This appalling lack of evidence for a new legislation follows a standard pattern in the Commission’s content moderation policies: whether in the fight against child abuse material or hate speech, the Commission has systematically failed, so far, to provide any statistics on how much of the content being deleted as a result of its legislation is actually illegal or on the impact of these legislative measures.

This is of course not limited to CSAM, terrorism or hate speech. Another case in point: The article 17 stakeholder dialogue organised by the Commission to ensure (among other things) that the implementation of Article 17 of the Copyright directive does not result in automated takedowns of non-infringing content, where the Commission has so far been unable to provide any empirical evidence on the prevalence of the problems being discussed, because it does not have access to such data.

This inability of the Commission to present empirical evidence pertinent to digital policy issues is deeply worrisome and means that most policy making happens based on hearsay and prevailing sentiments (and a healthy dose of selective disclosure by stakeholders affected by such regulation). If the Commission wants to establish itself as a credible regulator in this space then it will urgently need to create the ability to collect data from digital platforms by establishing disclosure and transparency requirements and it needs to stand up capacity for analysing such data.

The Crisis of Digital Capitalism

Monday, Apr 27, 2020

Excellent talk on the Crisis of Digital Capitalism by German Sociologist Philipp Staab as part of the Making sense of the digital society lecture series this evening (the recording of the stream is not available yet but should eventually show up on the Youtube Channel of the Humboldt Institute). For me this concept of Digital Capitalism as something that extends beyond Zuboff’s Surveilance Capitalism and that is primarily characterised by privatised markets seems very useful. Highly recommend watching this once the recording is available.

"a remarkable provision"

Sunday, Apr 26, 2020

The European Copyright Society has published a Comment on the Implementation of Art.14 of the Directive (EU) 2019/790 on Copyright in the Digital Single Market calling Article 14 on the reproductions of works of visual art in the public domain…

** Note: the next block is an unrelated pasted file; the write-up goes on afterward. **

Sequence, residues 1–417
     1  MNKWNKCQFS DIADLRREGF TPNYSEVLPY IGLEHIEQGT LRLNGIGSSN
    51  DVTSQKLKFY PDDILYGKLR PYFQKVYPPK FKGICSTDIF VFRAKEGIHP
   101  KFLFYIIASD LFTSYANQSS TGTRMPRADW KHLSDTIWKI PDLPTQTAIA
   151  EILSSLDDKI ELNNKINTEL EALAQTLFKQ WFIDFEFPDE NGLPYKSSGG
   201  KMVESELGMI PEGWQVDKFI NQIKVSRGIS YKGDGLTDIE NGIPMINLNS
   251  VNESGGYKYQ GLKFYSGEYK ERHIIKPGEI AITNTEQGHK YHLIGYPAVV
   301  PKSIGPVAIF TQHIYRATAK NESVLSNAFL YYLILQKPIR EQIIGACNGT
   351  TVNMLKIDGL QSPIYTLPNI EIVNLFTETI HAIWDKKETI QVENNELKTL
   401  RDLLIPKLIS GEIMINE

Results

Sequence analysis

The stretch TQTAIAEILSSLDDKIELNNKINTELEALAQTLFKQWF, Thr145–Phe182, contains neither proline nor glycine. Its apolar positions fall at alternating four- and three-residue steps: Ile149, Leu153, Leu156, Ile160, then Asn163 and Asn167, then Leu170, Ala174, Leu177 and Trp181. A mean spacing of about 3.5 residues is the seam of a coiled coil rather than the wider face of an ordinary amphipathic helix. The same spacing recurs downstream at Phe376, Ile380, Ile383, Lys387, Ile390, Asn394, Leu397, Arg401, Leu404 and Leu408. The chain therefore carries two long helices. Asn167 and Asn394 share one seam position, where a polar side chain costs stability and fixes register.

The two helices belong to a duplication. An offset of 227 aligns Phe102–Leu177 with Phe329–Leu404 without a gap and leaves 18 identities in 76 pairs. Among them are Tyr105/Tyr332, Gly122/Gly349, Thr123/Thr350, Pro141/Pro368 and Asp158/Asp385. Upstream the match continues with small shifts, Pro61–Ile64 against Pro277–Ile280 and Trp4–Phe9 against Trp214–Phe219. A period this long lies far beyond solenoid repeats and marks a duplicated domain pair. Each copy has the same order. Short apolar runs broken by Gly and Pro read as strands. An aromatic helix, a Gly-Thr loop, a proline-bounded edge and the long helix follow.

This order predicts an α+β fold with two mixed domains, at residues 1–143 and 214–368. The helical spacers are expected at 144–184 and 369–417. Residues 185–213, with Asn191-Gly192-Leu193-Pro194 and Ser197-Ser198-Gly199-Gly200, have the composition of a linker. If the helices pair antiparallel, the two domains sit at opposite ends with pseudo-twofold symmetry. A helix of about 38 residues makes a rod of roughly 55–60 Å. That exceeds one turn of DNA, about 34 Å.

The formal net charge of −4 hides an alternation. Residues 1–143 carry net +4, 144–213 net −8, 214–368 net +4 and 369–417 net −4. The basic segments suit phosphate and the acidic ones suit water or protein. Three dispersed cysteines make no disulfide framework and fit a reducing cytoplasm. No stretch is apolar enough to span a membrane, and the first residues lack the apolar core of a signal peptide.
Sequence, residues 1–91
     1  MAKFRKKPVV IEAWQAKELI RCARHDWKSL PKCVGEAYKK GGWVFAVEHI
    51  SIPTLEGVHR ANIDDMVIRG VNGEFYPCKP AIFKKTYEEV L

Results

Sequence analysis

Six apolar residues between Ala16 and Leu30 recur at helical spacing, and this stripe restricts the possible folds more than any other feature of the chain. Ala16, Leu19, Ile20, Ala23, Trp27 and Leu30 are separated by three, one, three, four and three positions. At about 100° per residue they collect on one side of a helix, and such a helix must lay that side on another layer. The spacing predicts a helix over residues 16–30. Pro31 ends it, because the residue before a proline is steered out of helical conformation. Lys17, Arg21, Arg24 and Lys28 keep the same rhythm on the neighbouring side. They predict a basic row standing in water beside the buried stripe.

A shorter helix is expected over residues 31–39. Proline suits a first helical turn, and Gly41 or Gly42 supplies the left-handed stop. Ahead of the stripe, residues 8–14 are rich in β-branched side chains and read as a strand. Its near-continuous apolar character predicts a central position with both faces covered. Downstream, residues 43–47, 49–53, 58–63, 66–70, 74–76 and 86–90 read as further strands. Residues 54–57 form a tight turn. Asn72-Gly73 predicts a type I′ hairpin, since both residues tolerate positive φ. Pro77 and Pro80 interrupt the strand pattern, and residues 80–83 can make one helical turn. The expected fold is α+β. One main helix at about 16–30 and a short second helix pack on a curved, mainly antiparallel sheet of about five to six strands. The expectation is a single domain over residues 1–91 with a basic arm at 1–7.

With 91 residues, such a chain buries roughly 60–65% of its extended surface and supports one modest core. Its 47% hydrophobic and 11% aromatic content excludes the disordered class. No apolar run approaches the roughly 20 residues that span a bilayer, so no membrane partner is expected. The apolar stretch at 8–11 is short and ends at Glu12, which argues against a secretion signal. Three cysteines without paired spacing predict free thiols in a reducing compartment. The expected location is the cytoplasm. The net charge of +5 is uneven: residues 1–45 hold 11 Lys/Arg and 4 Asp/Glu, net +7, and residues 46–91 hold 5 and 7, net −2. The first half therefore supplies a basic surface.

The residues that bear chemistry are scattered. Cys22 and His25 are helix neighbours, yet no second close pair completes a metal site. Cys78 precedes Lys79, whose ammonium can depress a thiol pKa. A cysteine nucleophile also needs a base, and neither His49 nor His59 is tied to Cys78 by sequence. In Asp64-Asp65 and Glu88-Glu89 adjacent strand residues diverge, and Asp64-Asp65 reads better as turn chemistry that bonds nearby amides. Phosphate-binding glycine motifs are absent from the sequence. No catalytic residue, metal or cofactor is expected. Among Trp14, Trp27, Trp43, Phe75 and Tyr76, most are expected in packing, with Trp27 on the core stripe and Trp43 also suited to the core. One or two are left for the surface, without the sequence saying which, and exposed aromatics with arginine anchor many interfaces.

…a remarkable provision which, for the first time in the EU, grants a positive status to works belonging to the public domain, by prohibiting any regaining of exclusivity therein.

Article 14 is by far my favorite article of the DSM directive not only because rights a wrong that has been bothering me for more that a decade, but also because how it came into existence. As a result of determination of a tiny group of people and healthy dose of luck. Having a much larger group of renowned copyright scholars call it a “remarkable provision” is hugely rewarding - thanks!

Greenwashing strong IP rights

Thursday, Apr 23, 2020

Apparently next Sunday is World IP day and for this year the bright minds at WIPOs communication department have come up with an extra clever slogan: Innovate for a Green Future! This is an almost text book example of greenwashing: Associate your product with the current societal focus on all things green. In the case of IP rights a direct association is a bit tenuous hence the detour via “innovation” (WIPOs favorite proxy for string IP rights although that correlation is highly questionable in itself).

In order to celebrate World IP day WIPO would like everyone to make a pledge to support innovation for a green future and add that pledge to a map. While this whole attempt to greenwash strong IP rights would be rather silly under normal circumstances it really makes you question WIPOs priorities. Seems to me there are much more urgent things to do like ensuring that strong IP rights do not stand in the way of making finding and distributing answers to the current health emergency. In this light it would make much more sense for WIPO to promote the open COVID pledge, which - in full respect of IP rights - is designed to ensure that finding answers to the current crisis are not hampered by strong IP rights.

The virus vs. cars

Wednesday, Apr 22, 2020

from this morning’s Playbook: